How to Treat Elephant Ears Poison
Elephant ears contain a protein called asparagine and oxalic acid, which cause poisonous reactions to those who eat the plant. Common complaints after digesting elephant ears includes nausea, diarrhea, vomiting, burning of the mouth and throat, and swelling of the eyes or mouth. Families with small children should keep an eye on them in yards that contain elephant ears. Treatment for ingesting elephant ears should occur as soon as possible to prevent serious complications.
Soak a towel in cold water and wring out. Place the towel inside the mouth of the individual or to yourself. Wipe off the tongue, lips and inside of the mouth.
Wipe off the hands, eyes and face of the person inflicted with elephant ear poisoning. Use several towels if there is an excessive amount of sap on the skin.
Ask if the person can breathe. Oxalate can occasionally prevent a person from being able to freely use their airways. Find out when the person ate the plant, what part of the plant and where. Get the weight and age of the individual.
Call the poison control hotline with the information. If in doubt if the plant that was eaten was an elephant ear, have someone go to the location to take a sample.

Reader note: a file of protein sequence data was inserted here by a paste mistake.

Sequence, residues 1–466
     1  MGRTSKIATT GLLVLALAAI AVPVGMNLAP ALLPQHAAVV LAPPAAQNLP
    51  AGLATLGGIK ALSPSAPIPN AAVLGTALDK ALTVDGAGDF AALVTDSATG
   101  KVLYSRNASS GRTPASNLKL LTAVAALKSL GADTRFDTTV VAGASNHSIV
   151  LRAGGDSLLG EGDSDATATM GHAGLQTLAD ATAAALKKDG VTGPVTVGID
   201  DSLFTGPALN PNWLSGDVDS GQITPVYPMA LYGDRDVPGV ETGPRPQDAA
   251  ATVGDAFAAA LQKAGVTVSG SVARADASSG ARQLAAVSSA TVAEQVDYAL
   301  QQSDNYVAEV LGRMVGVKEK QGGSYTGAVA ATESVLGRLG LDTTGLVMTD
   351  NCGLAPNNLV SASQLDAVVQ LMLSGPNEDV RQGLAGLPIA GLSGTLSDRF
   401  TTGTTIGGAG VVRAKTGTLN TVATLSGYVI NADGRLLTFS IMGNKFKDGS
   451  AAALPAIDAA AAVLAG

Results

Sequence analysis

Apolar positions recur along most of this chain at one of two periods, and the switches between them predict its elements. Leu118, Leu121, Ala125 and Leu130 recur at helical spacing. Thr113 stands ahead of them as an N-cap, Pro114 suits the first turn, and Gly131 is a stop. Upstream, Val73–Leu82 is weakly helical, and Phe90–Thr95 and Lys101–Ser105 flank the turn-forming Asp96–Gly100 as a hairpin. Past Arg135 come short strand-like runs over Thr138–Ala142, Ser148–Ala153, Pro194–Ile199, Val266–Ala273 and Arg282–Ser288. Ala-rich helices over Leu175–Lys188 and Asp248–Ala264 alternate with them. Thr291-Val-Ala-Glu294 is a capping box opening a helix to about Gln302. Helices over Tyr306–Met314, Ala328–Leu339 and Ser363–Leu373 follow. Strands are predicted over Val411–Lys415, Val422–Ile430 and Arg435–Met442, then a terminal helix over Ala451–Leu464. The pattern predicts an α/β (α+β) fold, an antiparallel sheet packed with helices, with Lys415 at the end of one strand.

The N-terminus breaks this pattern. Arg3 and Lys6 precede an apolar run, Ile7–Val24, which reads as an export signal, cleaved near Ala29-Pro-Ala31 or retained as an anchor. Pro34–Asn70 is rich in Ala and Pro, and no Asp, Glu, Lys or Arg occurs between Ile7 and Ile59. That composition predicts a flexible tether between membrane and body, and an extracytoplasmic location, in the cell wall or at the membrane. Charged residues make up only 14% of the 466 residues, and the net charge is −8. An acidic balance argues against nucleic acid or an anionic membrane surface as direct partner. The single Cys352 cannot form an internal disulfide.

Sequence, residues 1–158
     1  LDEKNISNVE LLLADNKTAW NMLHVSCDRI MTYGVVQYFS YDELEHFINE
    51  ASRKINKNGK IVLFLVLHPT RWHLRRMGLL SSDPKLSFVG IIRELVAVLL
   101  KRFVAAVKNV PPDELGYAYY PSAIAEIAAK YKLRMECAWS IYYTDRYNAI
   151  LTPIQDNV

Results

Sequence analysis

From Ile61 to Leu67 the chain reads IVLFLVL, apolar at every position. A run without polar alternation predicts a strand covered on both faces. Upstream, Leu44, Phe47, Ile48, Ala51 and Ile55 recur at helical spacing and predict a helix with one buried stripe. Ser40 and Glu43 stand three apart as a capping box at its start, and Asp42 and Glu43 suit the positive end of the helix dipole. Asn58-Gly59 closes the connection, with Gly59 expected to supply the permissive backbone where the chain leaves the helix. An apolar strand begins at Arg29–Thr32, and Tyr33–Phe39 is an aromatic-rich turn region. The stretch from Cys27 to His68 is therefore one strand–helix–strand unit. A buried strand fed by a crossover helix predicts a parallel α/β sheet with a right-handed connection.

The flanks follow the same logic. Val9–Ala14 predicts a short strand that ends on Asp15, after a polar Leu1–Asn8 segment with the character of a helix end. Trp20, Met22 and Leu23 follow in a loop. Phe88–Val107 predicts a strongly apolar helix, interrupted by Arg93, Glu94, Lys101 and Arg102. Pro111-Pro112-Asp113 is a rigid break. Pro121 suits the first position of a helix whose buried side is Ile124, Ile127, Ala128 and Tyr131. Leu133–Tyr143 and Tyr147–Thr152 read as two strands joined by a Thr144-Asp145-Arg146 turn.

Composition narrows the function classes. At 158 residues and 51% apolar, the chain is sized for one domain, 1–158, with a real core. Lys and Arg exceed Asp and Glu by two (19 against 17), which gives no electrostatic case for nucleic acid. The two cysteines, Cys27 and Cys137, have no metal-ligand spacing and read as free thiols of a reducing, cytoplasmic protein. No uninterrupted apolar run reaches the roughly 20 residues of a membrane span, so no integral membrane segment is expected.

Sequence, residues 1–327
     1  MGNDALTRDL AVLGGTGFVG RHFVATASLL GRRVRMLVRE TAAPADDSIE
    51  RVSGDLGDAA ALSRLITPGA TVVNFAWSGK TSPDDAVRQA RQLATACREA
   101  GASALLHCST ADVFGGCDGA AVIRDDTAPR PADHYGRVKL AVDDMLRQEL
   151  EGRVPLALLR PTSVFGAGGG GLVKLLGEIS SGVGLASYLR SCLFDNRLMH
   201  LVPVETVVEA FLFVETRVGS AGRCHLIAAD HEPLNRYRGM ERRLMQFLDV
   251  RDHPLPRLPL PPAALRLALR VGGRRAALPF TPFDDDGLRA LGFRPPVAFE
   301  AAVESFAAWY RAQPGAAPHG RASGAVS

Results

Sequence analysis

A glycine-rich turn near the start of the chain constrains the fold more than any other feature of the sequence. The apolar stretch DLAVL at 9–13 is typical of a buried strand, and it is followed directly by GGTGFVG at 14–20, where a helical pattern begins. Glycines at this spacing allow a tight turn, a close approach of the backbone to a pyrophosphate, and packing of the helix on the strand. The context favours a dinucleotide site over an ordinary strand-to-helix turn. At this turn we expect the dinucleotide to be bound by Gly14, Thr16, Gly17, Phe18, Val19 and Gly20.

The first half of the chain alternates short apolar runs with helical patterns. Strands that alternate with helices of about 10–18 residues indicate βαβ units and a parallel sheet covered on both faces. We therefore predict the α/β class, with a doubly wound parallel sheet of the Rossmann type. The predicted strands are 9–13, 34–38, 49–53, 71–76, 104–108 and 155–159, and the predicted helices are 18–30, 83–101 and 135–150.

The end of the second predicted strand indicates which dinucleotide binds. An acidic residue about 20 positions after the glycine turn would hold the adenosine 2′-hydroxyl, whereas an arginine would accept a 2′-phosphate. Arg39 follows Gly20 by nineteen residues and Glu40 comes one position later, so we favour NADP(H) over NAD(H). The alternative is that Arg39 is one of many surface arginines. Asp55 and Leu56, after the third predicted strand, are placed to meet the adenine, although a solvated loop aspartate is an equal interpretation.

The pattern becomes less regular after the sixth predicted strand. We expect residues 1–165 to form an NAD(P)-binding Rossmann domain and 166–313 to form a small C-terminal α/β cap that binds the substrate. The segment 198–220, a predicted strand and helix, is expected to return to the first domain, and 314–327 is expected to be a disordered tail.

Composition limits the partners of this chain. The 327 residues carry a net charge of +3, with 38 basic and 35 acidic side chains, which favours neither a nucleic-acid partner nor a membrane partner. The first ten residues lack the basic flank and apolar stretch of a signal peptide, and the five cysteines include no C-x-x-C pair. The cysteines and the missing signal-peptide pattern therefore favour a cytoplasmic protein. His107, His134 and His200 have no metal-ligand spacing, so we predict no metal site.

Monitor the individual and follow the instructions of the poison control hotline. In many cases, the poison control hotline will request the person be taken in to have blood pressure and heartbeat checked.
Tips For Elephant Ears
Elephant ears thrive in full sun to partial shade, depending on which variety you are growing. For example, Colocasia spp. does well in filtered sunlight and partial shade during the heat of the day. Xanthosoma grows in both full sun and partial shade. Moisture is rarely a problem in a coastal Mediterranean climate that experiences high rainfall and humidity. thrives in moist soil, but it is also the most drought tolerant of the bunch. needs moist soil with good drainage, as it performs poorly in overly moist or saturated soil. In general, elephant ears are a relatively maintenance-free plant, provided they receive the right growing conditions. If you find that your elephant ears are growing too vigorously, stop fertilization for a month or two. Elephant ears rarely suffer from pests or diseases; however, keep an eye out for signs of mites, such as webs and curling, yellowing foliage.
Call 911 if the person has trouble breathing.
Remove elephant ear plants if children or pets are in danger of eating them.
- National Library of Medicine: Elephant Ear
- National Poison Center: Poison Center
- Canadian Gardening: Add Drama to Your Garden with Elephant Ears
- Fine Gardening: Genus Colocasia (Taro, Elephant's Ear)
- Fine Gardening: Xanthosoma aurea ‘Lime Zinger’ (Elephant Ear)
- Iowa State University Extension and Outreach: Growing Elephant Ear